Ge Shuyi (哥舒意)
As the title suggests, Xiuzai’s Summer draws inspiration from the Takeshi Kitano film Kikujiro (菊次郎の夏), in that it features a man who takes a young boy under his wing when the boy’s mother is missing. The man is Xiuzai, an IT programmer and gamer who is content with his solitary routine. The young boy is Xiao Shu, who crashes into his life when his mom (Xiuzai’s former lover) leaves him on the doorstep and jets off to Japan for a week. The event that keeps them together for the summer is a catastrophe of global proportions: on June 17, 2018, massive earthquakes rock Shanghai and much of the rest of the world and leave Xiuzai and Xiao Shu among the handful of people left alive in the city.
Over the course of the next few days, as frequent aftershocks slowly bring down everything that’s still upright, Xiuzai and Xiao Shu join the survivors in a makeshift encampment at People’s Square, from which they make risky forays into the surrounding area in search of food and supplies. The destruction has been total. Across the river, Pudong District has vanished into the sea, and on their side, they find few people left alive in the rubble that once belonged to densely-packed high-rises.
In a bloody attempt to save a woman trapped beneath a beam, Xiuzai injures himself and ends up in a feverish delirium. The small group of survivors is ill-equipped to handle the trauma of such an enormous disaster, and its numbers dwindle daily. By the time Xiuzai comes to his senses, he and Xiao Shu are all alone.
The aftershocks have subsided, and the supplies their former companions managed to accumulate relieve them of the chore of foraging among the ruins, so all Xiuzai has to do is amuse the boy and keep his mind off his mother — which he eventually does, once he overcomes the urge to drink himself into oblivion with looted high-end liquor while watching porn on a scavenged laptop. They bond, slowly and haltingly, over the middle section of the book, which is set on a beach where the Bund used to be and feels like a tale of castaways on a desert island.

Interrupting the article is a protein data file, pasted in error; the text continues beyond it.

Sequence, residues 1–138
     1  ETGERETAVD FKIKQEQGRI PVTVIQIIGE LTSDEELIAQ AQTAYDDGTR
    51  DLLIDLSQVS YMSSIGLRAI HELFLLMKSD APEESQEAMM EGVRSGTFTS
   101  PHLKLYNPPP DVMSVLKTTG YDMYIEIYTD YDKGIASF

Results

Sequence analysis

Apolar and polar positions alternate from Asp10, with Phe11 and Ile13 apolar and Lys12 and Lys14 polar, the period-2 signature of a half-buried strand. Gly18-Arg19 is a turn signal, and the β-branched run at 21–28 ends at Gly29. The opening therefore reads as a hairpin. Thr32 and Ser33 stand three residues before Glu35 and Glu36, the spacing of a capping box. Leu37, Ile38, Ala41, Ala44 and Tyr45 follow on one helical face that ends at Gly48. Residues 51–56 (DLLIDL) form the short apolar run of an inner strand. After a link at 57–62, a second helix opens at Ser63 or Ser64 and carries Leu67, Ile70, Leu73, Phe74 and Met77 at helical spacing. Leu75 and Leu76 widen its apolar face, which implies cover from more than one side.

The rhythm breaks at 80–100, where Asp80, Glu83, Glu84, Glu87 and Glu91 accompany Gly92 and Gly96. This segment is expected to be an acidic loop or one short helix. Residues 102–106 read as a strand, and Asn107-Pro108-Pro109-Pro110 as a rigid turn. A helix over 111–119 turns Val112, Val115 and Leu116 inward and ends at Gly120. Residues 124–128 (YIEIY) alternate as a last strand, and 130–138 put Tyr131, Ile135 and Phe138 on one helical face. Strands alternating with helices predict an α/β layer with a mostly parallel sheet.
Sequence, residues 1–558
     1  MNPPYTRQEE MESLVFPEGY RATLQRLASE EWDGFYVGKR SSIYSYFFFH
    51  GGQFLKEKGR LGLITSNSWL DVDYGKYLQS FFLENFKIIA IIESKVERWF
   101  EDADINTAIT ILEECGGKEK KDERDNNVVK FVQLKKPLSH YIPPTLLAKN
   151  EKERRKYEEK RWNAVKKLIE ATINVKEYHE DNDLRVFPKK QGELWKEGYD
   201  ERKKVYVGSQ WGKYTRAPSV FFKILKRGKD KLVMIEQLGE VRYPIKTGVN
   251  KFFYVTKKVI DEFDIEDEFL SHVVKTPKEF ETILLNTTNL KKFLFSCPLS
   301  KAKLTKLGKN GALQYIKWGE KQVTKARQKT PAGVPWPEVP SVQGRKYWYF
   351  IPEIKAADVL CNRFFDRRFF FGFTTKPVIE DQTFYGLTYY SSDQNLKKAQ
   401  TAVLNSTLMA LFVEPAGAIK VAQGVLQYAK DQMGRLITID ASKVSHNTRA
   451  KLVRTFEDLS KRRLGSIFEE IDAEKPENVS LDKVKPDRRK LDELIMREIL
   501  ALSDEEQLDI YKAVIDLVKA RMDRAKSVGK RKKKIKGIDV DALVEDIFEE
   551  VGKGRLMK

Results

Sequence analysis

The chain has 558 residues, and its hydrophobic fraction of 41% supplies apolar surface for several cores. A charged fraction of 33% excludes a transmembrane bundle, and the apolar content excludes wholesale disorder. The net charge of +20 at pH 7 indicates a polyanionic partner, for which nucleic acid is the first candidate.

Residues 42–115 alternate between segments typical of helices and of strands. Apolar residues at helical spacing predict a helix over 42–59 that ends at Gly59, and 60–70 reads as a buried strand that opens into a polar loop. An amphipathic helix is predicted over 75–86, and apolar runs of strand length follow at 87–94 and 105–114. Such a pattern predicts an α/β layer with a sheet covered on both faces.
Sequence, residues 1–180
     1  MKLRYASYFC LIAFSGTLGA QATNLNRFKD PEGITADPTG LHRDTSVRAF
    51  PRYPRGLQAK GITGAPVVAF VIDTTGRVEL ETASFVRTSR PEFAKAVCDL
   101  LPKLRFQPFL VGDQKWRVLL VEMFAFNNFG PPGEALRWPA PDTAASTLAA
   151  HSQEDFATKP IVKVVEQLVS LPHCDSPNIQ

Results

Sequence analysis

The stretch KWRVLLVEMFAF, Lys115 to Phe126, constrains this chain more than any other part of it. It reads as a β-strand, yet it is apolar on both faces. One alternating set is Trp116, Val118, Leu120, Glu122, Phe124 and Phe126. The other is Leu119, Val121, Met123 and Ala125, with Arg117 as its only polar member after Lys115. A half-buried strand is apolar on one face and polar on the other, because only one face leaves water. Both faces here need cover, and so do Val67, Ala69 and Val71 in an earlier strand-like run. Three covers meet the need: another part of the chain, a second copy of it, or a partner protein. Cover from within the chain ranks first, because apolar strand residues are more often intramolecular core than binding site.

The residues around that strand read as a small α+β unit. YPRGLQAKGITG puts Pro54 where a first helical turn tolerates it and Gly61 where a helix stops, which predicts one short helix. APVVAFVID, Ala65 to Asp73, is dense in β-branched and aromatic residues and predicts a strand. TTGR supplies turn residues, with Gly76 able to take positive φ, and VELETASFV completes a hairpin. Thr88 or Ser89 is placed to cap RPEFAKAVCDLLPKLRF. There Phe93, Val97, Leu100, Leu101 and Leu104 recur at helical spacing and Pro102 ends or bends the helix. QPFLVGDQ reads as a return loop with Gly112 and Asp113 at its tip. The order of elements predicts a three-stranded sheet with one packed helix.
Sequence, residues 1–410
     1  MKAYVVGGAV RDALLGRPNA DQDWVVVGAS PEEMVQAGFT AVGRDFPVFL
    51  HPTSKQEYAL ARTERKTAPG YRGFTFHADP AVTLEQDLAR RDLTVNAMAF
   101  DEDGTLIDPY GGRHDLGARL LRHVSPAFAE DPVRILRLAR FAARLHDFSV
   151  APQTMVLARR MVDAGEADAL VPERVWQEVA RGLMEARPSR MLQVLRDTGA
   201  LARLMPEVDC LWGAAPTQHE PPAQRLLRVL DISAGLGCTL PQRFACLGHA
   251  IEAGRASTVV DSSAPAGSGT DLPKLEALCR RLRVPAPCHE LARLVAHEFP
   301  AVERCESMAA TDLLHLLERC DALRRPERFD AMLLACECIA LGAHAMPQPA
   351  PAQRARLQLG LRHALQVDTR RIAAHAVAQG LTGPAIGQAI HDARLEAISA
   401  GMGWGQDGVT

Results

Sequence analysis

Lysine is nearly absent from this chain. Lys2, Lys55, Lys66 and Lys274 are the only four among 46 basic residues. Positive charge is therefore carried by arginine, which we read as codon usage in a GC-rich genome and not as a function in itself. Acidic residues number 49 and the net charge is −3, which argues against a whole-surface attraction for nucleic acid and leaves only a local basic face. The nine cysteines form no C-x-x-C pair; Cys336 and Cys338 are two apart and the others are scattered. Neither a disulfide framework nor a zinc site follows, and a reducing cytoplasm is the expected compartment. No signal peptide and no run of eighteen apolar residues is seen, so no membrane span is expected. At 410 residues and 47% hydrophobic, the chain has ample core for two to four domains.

For much of the time, Xiuzai’s Summer is an idyllic apocalypse, punctuated with scenes of horrific brutality — the aforementioned botched rescue attempt, a subterranean crawl, and an ending that’s crushing in more ways than one. The boy’s a little too precocious for his age, and the city far too clean for all of the destruction that’s occurred, but both of these elements work well within the fairy-tale-like atmosphere that makes up most of the novel.
Ge Shuyi has said that he conceived of the novel after the Wenchuan earthquake in 2008, and it shows: some of the more surrealistic descriptions reminded me of first-hand reports from that disaster, such as Li Ximin’s hour-by-hour account of the three days and nights he spent buried in the rubble of the Wenchuan earthquake.
Prior to Xiuzai’s Summer, Ge wrote Devil Sonata (恶魔奏鸣曲, 2006) and The Nocturnal Violinist and La flûte de Jésus (夜之琴女与耶稣之笛 , 2008), the first two installments in a “music trilogy” of modern fantasy.